This all seems petty to me now because I know how to cook from scratch, but atthat time I was 18, 19 years old, and I never cooked until joined the army, so it was all very difficult and I wasn't quick at it. I had to follow the recipe card versus the guys who had been in garrison. They knew the recipes by heart because you make the same thing every 14 days. I didn't have the speed that they did. That held me back. You had to be very quick because everything's on a schedule in the dining facility.
TP: It sounds like it wasn't maybe as easy for you going back because you havetrouble getting back into that ... Did you get into any of that type of cooking or is that something [crosstalk 29:23]?
KC: I did have trouble because, like I said, my timing was off and I wasn't asquick as everyone else. Maybe I couldn't cook as many items at the same time as everyone else. When I say everyone else, the other E5s, the other sergeants, the people at my level. I'm not saying I was not a horrible cook by no means. I just was not cooking quick and I needed to take the time to read the recipe card.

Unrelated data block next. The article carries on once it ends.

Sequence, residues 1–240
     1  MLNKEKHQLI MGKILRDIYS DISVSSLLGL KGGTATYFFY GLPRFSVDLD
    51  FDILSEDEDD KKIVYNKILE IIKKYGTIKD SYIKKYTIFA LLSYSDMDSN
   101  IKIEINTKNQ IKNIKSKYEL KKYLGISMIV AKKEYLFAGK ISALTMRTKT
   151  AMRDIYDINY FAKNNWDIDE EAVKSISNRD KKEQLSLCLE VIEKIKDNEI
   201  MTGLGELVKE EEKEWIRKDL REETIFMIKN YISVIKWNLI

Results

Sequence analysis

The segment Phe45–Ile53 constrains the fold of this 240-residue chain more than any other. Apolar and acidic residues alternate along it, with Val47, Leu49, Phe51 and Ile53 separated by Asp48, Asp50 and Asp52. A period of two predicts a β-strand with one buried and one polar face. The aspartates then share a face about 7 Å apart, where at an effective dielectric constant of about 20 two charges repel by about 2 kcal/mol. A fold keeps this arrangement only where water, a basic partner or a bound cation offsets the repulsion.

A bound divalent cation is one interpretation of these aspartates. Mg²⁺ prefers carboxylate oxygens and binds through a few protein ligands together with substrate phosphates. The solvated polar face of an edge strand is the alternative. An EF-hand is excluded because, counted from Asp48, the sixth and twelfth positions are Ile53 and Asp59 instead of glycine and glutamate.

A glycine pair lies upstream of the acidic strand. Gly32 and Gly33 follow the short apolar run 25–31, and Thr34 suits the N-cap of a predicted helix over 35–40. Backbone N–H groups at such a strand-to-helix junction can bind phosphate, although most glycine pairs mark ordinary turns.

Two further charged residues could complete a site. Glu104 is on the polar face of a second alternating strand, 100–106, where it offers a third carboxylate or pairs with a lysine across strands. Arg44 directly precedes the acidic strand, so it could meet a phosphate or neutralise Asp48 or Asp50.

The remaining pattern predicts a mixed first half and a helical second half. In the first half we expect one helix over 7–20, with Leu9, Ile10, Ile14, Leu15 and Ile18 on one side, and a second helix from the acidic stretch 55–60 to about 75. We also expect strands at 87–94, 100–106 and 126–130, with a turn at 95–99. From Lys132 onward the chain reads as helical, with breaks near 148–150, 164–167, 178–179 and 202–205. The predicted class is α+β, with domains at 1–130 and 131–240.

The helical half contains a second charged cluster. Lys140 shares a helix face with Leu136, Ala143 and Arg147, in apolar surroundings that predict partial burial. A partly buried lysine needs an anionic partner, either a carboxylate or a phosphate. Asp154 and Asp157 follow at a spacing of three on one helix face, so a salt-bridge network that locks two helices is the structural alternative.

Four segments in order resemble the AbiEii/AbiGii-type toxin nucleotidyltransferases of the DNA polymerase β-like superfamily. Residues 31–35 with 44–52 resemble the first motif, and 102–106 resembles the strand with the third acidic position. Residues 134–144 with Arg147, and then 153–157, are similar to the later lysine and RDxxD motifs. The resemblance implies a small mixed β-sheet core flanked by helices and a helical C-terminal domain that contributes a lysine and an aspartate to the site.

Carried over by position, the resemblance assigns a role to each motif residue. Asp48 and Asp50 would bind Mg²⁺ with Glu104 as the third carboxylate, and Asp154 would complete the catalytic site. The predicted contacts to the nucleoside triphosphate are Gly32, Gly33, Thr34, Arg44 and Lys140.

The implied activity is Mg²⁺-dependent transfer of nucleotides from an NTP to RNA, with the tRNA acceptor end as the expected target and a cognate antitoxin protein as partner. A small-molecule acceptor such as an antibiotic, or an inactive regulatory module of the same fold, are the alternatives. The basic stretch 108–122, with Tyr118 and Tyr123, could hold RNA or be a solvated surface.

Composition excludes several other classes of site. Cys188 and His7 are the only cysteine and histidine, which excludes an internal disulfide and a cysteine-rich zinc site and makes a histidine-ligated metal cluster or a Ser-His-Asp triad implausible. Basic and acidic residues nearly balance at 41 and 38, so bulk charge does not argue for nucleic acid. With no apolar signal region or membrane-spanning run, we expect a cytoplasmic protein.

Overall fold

TP: At this point, you're in for a little over a year. You're on active for alittle over a year. What comes next? What's after that?
KC: I just want to mention one thing about Fort Irwin because this is unique.While I'm working in the dining facility and doing the field crew, I'm also going to college at Barstow Community College, which is on Fort Irwin. The 00:30:00interesting thing about that college is that their classes stop when the field starts. You don't have to worry about not going to school because you have to go to the field, because it picks right back up when you come back from the field. That got me started with getting my college done.
TP: What prompted that? Because that sounds like you were taking something thatyou already ... It's not like you weren't busy and adding that on. What prompted you to do so? What were you studying? What was your intent?